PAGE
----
Truth be told, I am so done with winter. It just does not want to let go of its hold on us. As I sit and think about that and some of the work I am doing with farm families I think there is a correlation we can draw here. This cold weather at the end of February could be likened to conflict. You hope it doesn’t last. It doesn’t feel right. It’s uncomfortable. And it should have been over a long time ago.
The difference of course is that with winter we depend on Mother Nature to make the ultimate decision on when spring will arrive. It is totally outside of our control. However, with conflict we have choices. We can choose, as best possible, to ignore it and hope it goes away or we can be proactive and deal with it. Often conflict within working families develops over time and has the potential to eat away at relationships. When that happens families suffer and businesses suffer.
What is it that we, as a society, want? What are we looking for? Trust. Plain and simple. We want to trust others. Our spouses, our partners, our kids, our colleagues, people we do business with, and those that are in power, such as politicians. And equally so others want to trust us.
I like one of the definitions of trust that the Encarta Dictionary has. Trust means to “rely on somebody or something”. It goes further and states that it means “to place confidence in somebody or in somebody's good qualities, especially fairness, truth, honor, or ability. . . to allow somebody to do something, having confidence that the person will behave responsibly or properly”. It does not sound complicated but, unfortunately, can be.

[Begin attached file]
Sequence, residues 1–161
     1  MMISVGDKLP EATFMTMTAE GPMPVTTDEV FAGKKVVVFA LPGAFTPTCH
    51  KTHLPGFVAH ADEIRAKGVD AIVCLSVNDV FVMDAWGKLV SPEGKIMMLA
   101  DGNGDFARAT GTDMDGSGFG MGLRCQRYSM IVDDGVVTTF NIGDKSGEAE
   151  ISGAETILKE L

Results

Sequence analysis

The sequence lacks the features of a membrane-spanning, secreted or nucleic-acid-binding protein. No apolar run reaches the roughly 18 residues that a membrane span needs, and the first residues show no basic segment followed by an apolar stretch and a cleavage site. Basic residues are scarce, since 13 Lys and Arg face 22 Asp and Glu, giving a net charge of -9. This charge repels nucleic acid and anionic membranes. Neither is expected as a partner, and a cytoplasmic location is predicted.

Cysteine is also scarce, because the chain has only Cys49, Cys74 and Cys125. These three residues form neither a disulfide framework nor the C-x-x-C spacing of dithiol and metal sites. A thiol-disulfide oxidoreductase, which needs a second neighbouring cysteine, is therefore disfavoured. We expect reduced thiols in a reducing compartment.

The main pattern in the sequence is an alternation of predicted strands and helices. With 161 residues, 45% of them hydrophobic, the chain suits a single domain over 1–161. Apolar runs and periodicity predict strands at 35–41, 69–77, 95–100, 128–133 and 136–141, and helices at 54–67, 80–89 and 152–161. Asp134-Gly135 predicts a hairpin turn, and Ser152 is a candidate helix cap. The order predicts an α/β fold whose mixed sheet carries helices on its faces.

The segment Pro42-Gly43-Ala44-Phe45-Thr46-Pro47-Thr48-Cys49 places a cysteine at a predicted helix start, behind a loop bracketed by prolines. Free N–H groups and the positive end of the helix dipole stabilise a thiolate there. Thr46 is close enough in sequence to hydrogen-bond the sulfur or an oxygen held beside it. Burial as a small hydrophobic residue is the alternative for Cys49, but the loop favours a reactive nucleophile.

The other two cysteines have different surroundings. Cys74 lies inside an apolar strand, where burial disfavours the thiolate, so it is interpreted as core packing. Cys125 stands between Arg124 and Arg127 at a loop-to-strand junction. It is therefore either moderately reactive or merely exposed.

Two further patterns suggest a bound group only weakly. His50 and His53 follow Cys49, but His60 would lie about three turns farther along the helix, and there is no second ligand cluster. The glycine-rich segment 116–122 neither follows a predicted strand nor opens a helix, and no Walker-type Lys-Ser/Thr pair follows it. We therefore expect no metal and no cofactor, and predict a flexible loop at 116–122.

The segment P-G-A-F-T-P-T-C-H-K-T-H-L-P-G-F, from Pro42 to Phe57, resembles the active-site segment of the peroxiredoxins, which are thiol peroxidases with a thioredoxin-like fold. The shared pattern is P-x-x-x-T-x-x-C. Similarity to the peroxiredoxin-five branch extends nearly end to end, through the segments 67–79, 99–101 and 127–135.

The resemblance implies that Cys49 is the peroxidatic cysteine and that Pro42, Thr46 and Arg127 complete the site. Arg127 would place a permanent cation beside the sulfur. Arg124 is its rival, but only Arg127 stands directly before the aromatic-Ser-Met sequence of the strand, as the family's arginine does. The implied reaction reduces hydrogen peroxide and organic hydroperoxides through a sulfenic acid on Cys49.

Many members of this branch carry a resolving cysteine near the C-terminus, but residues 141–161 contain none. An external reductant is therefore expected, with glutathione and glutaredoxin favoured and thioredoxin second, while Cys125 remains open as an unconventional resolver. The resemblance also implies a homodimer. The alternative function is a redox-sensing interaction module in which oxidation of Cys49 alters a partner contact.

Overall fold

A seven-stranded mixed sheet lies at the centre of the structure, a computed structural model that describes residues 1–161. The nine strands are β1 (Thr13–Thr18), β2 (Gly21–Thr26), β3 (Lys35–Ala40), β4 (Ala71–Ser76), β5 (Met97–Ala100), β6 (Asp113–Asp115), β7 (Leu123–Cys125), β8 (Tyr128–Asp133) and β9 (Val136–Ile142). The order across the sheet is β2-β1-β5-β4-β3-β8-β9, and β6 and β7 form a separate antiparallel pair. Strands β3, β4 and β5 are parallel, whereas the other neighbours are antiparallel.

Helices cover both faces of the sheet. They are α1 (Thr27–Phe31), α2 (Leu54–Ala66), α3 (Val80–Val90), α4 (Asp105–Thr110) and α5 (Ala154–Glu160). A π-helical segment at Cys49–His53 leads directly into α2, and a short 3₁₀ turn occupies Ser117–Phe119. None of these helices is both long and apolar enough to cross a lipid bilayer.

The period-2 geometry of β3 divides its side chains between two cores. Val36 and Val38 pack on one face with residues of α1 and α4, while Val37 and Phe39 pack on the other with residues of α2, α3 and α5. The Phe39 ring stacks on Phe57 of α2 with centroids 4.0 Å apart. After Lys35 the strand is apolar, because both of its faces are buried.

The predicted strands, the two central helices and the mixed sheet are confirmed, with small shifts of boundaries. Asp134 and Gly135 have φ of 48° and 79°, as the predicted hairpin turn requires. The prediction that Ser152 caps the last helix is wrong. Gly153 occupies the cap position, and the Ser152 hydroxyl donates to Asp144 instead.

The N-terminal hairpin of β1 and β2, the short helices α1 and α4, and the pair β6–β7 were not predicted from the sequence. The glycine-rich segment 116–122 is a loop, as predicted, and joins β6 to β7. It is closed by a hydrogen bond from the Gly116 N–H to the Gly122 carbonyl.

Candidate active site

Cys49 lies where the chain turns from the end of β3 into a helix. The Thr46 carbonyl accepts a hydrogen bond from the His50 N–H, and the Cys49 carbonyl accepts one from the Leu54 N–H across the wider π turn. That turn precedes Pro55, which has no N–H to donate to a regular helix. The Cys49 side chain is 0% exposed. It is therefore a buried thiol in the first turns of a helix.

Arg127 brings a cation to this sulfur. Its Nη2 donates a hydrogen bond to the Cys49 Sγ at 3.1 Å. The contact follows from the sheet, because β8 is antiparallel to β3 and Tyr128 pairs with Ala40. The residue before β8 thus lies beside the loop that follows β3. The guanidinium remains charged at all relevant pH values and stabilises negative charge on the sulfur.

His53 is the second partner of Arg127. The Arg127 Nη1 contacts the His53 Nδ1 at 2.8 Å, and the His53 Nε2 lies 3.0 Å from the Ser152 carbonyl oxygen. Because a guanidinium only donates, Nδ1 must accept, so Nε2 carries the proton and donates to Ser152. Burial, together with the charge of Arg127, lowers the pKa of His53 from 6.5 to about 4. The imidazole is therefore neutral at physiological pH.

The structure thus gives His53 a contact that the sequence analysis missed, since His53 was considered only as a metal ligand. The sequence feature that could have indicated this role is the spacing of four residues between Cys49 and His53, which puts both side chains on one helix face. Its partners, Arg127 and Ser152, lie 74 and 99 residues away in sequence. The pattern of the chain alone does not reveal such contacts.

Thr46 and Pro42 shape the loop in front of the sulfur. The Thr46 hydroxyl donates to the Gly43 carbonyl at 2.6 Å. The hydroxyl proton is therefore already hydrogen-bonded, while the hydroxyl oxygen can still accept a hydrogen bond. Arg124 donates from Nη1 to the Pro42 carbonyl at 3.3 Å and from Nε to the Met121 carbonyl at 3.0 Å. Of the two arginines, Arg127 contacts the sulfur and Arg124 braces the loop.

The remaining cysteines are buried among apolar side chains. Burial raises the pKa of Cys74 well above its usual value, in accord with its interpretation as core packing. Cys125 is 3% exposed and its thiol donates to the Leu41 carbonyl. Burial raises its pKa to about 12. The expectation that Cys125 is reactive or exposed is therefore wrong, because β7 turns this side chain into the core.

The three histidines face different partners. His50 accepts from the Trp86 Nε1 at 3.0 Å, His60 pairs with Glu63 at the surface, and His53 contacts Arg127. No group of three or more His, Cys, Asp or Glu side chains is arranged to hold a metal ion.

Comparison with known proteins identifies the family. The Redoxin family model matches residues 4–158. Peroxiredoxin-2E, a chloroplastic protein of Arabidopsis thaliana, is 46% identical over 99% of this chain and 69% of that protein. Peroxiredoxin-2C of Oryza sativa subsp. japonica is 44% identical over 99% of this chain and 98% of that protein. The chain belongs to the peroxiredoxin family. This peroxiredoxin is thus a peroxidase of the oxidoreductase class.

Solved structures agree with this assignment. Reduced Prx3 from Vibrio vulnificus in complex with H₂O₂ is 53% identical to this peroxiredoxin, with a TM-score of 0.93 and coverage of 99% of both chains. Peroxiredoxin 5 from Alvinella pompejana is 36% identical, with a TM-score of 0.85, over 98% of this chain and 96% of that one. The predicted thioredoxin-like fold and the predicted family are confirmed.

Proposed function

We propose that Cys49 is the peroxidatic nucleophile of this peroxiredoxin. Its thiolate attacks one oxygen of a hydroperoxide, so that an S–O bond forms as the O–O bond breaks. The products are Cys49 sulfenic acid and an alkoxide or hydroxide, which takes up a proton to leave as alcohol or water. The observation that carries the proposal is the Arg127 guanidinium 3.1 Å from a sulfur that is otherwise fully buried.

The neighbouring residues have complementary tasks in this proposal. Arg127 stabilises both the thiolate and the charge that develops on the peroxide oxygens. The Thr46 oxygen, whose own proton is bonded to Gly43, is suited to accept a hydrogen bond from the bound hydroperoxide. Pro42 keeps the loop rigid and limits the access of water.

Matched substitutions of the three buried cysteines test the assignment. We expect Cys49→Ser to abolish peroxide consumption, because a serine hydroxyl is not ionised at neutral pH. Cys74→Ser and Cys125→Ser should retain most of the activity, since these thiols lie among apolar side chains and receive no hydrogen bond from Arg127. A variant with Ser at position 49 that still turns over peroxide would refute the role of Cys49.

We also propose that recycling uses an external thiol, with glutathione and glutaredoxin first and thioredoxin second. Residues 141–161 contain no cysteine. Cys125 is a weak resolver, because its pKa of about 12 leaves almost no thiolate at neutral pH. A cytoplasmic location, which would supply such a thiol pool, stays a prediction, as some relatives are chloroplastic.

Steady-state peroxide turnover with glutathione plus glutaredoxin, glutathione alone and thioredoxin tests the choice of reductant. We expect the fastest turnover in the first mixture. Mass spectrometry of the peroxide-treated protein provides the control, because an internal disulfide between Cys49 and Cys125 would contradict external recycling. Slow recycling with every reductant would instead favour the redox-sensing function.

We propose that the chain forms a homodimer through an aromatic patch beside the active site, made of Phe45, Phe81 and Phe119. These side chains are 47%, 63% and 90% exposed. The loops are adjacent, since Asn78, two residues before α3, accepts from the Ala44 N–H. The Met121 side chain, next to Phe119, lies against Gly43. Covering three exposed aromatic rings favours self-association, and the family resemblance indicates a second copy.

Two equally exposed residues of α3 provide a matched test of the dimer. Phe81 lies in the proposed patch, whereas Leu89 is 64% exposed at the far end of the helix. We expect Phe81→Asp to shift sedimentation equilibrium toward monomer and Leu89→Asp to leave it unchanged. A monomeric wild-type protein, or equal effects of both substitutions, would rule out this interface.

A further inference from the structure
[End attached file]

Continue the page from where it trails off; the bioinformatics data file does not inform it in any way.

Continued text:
Patrick Lencioni, a management consultant specializing in organizational health, talks about trust being at the very foundation of a team. In his book, The Five Dysfunctions of a Team, he outlines a compelling case for trust being that foundation. As he puts it, “members of great teams trust one another on a fundamental, emotional level, and they are comfortable being vulnerable with each other about their weaknesses, mistakes, fears, and behaviors”. He goes on to explain why this is essential for teams to be effective and efficient.
That same concept can be applied in most any, if not all, relationships we have. How can any relationship thrive with the absence of trust? A lack of trust leads to break downs, break ups, conflict, and lack of commitment. It destroys relationships. It destroys teams. It destroys individuals. Like the Irish saying goes, “when mistrust comes in, love goes out.”
Being involved with others, being able to trust others, requires us to be authentic. And to be authentic requires us to become vulnerable. Open ourselves up. That in itself is a scary thought. We have a tendency to hide behind walls. We are frightened at the thought of others finding out who we really are. But when we practice this we see ourselves and others in a different light. It opens up a whole new world. Yes, at times uncomfortable, but overtime it builds that trust. Trust in yourself. Trust in others. It works. Trust me. Make it a good one.
You don’t always need a plan. Sometimes you just need to breathe, trust, let go, and see what happens.” Mandy Hale